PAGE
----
Mr. Heming, the narrator of A Pleasure and a Calling, is more than an uninvited guest: He’s the guest you never knew you had. Channeling the socially detached and unnerving personality of Nabokov’s Humbert Humbert, Phil Hogan creates a character that will inspire intrigue as well as ire.
Heming owns the premiere real estate agency in his small English town, which provides him a steady flow of money—and keys to most of its residents’ houses, which he uses to indulge his penchant for snooping. He takes his obsession to sociopathic levels, noting the routines and habits of every house he violates and taking home mementos of his conquests. Heming hides his fetish well, until the day he is caught sneaking through a house after a lovers’ quarrel. Readers will begin to question their own morality as they watch the protagonist go to extreme lengths to cover his tracks.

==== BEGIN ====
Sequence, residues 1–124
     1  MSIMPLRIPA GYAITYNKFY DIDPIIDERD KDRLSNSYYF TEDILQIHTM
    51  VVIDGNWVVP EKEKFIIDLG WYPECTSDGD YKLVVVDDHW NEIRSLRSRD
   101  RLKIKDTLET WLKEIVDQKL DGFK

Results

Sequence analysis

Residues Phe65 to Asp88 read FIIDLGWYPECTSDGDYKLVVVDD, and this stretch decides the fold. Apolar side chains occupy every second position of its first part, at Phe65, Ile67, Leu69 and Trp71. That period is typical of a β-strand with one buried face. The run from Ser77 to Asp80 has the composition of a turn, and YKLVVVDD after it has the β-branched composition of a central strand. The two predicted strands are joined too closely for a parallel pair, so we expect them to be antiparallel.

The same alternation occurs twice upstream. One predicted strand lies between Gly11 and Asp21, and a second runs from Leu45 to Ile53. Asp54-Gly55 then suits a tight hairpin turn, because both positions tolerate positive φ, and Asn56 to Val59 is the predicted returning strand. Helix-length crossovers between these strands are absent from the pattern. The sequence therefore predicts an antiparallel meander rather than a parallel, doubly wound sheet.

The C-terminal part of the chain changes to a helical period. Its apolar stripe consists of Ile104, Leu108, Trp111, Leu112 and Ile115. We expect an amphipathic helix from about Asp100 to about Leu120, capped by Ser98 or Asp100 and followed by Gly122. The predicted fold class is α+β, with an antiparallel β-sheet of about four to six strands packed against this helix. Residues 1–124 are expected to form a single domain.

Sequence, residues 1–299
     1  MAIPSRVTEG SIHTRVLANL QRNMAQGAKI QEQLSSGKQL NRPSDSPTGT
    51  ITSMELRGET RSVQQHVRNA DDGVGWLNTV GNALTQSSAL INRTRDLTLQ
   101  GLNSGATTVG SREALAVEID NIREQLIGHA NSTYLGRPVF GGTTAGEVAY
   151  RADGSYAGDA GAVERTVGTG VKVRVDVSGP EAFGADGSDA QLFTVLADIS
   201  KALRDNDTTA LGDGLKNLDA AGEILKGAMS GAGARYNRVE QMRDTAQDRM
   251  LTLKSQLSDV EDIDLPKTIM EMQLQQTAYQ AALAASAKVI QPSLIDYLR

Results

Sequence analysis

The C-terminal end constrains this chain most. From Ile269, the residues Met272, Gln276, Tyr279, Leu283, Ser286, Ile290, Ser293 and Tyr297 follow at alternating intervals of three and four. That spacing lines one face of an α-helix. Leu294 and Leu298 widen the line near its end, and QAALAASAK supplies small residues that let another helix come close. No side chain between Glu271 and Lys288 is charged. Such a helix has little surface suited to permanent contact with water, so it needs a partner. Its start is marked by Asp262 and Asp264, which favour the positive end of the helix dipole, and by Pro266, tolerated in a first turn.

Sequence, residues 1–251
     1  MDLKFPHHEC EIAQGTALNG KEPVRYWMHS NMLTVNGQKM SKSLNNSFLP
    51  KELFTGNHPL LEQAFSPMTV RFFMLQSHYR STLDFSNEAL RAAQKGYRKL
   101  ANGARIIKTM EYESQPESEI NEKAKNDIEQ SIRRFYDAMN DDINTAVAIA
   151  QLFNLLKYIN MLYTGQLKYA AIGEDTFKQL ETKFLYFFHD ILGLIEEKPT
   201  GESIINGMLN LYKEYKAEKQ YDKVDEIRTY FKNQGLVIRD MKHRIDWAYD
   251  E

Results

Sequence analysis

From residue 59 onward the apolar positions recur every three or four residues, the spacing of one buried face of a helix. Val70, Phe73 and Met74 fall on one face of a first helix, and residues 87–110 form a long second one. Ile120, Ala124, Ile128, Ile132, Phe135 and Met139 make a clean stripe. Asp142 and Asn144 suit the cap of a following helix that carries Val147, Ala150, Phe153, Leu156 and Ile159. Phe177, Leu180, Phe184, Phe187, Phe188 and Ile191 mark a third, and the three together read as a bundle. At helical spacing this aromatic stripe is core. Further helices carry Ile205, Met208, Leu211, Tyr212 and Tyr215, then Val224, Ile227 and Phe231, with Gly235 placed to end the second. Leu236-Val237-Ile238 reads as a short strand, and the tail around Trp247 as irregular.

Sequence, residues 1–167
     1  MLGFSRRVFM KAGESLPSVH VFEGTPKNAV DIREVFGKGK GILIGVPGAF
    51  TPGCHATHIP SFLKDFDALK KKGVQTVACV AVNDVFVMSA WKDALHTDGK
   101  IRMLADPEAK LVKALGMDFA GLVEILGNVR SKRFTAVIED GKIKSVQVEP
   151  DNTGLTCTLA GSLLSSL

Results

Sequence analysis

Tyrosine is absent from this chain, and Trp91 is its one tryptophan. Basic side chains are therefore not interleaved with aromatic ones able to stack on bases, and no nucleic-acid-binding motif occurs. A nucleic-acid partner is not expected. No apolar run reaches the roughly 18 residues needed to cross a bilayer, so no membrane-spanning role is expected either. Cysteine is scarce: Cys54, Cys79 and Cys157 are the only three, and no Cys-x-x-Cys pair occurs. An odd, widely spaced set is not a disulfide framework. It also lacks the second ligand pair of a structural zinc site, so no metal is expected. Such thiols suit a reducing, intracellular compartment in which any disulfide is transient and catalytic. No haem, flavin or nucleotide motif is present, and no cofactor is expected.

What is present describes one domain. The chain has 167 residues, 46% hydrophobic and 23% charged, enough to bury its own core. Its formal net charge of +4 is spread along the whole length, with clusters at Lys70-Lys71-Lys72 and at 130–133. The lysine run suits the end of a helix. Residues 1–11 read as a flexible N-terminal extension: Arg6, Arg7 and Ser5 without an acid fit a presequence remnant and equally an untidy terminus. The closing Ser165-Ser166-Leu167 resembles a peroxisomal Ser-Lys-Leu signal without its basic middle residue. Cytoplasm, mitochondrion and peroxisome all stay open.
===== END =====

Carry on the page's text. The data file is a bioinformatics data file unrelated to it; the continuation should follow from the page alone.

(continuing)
A Pleasure and a Calling takes readers into the mind of a truly disturbed man and follows the development of his psychosis. Jumping from the present day to Heming’s past, from childhood curiosity and tragedy to the inability to maintain conventional relationships as an adult, the creation of a monster is unveiled.
Hogan’s writing style echoes the creepiness of his main character. The lack of emotional adjectives and use of idiocentric phrases further solidify the darkness of our complicated narrator. This perfectly paced psychological suspense story is a roller-coaster ride through paranoia and manipulation.